WASHINGTON, Oct. 20, 2016 /PRNewswire-USNewswire/ -- How did FINRA respond to a March 2014 report by the Public Investors Arbitration Bar Association (PIABA) detailing the serious deficiencies in the background information provided about financial professionals to investors through FINRA's BrokerCheck website?
Two and half years later, a new PIABA report found that FINRA did not fix BrokerCheck. Instead, the industry self-regulatory organization made things worse by spending millions in advertising to get unwary investors to rely on the flawed BrokerCheck system. Examples of information routinely not included in BrokerCheck reports, but available from many state securities agencies, include the circumstances of a broker's termination of employment (especially when the broker quits during the course of his firm's investigation of his conduct), bankruptcy filings, tax liens, and test scores.
As the PIABA report notes: "… FINRA's conduct in promoting the BrokerCheck system as the only way to check those backgrounds and qualifications has imposed a disservice upon those investors using the system. The reality is that investors who may have once researched their brokers by contacting their state securities regulators have been led to believe they can simply rely on an online BrokerCheck report, which they can access themselves on the internet or through brokerage firm website links. Unless an investor is employed in, or otherwise familiar with the securities industry, the chances are negligible that they know that the BrokerCheck report may well be hiding relevant information."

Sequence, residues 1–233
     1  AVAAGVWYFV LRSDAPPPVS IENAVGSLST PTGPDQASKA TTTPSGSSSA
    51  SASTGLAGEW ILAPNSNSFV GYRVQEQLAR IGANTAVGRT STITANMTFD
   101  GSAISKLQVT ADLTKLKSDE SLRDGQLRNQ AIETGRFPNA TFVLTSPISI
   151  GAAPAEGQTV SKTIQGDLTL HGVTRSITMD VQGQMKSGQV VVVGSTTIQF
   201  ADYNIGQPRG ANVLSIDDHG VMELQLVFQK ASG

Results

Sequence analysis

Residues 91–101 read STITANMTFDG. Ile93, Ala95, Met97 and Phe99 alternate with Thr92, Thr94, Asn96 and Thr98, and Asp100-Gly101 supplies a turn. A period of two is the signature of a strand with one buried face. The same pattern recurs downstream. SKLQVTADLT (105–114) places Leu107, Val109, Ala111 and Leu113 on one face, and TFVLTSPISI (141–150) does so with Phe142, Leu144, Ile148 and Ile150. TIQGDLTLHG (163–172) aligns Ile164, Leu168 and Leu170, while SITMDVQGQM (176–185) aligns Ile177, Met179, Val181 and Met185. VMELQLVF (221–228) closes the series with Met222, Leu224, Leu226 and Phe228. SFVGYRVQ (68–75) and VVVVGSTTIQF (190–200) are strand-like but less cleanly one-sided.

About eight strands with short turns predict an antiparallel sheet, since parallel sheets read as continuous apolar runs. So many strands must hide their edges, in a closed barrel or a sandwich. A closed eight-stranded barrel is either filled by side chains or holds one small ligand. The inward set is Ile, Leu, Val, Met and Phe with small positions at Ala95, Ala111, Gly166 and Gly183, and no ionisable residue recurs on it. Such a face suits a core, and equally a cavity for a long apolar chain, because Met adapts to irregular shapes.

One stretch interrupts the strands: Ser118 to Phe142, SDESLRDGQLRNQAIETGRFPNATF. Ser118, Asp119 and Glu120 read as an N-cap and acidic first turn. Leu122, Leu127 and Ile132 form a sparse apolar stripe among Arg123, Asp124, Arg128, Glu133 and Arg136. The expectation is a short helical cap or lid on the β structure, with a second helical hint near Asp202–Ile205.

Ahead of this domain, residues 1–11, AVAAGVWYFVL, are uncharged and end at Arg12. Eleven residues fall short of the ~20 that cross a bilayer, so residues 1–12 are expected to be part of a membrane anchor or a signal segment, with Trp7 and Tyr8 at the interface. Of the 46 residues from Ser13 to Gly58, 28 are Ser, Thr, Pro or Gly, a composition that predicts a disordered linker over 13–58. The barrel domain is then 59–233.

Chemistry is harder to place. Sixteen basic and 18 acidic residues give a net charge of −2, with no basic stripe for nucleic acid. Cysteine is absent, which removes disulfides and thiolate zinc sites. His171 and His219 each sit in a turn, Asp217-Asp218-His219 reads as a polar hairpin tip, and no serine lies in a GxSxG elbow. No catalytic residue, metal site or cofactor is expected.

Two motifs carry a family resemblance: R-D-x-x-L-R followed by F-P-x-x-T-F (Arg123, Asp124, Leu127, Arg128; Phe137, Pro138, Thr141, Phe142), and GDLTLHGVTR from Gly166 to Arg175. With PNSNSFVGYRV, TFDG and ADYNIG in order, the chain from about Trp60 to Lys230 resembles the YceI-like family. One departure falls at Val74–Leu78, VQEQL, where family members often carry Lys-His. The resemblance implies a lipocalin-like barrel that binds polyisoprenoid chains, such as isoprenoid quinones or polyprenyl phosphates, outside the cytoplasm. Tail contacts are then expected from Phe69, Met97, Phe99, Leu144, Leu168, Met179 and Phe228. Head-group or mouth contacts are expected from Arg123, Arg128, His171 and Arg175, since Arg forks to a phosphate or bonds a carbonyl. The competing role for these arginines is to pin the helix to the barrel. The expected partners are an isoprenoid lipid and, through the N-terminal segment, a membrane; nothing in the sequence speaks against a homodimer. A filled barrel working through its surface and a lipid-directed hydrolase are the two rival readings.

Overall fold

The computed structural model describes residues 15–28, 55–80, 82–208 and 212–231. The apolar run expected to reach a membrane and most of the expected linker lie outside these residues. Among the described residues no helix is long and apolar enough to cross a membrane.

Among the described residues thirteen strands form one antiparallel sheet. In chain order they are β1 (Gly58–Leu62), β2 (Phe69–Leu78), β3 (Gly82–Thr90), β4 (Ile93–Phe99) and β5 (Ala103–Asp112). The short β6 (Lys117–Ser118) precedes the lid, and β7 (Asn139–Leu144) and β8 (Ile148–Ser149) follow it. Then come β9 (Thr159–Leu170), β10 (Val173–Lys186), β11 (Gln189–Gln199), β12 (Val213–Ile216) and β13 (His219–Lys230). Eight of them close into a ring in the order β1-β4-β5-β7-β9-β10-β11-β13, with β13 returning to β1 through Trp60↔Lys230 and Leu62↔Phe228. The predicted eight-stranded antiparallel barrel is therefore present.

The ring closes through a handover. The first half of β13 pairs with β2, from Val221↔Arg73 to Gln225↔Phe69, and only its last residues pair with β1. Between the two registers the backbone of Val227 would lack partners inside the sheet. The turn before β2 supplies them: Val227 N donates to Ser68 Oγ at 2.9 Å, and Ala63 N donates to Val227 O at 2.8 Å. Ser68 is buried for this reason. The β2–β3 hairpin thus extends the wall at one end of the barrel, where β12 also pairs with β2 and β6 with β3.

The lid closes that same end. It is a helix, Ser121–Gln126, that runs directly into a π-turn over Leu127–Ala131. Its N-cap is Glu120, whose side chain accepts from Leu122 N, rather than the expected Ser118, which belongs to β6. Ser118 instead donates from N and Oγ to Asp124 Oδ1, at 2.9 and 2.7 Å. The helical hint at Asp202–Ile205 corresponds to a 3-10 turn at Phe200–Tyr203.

Report co-author and PIABA President Hugh D. Berkson said: "Before FINRA spent millions of dollars advertising BrokerCheck, it should have fixed its broken disclosure system. The current incomplete BrokerCheck reports are of limited value. As things stand now, FINRA claims to offer information 'You might want to know about,' but fails to offer information you definitely want to know about. Investors should not be subject to the vagaries of their local public records laws to ensure that they gain the information necessary to fully and fairly assess their potential financial advisor. The answer to the problem is so simple, and the result so meaningful, FINRA cannot be allowed to continue to hype a broken system it knows is of limited utility."
PIABA Executive Vice President and President-Elect Marnie C. Lambert, who co-authored the report, said: "This is a major problem when it comes to what investors are relying on for information about their financial advisors. FINRA incorrectly advertises the BrokerCheck reports as being 'complete' and helpful to investors but, in reality, BrokerCheck reports often omit information about brokers that is highly relevant and necessary for investors to make informed decisions about who they may want to hire."
BrokerCheck reports provided by FINRA and background reports offered by states for any given broker-dealer (firm) or registered representative (broker) rely on the same source for information – the Central Registration Depository (CRD). The CRD system is a database maintained as a joint venture between FINRA and the states. FINRA's reports, branded "BrokerCheck reports" are often missing critical information about a firm or broker that investors may not be able to obtain elsewhere -- depending on with which states a broker is registered. Typically, only those states where a broker is registered will have background information on that broker.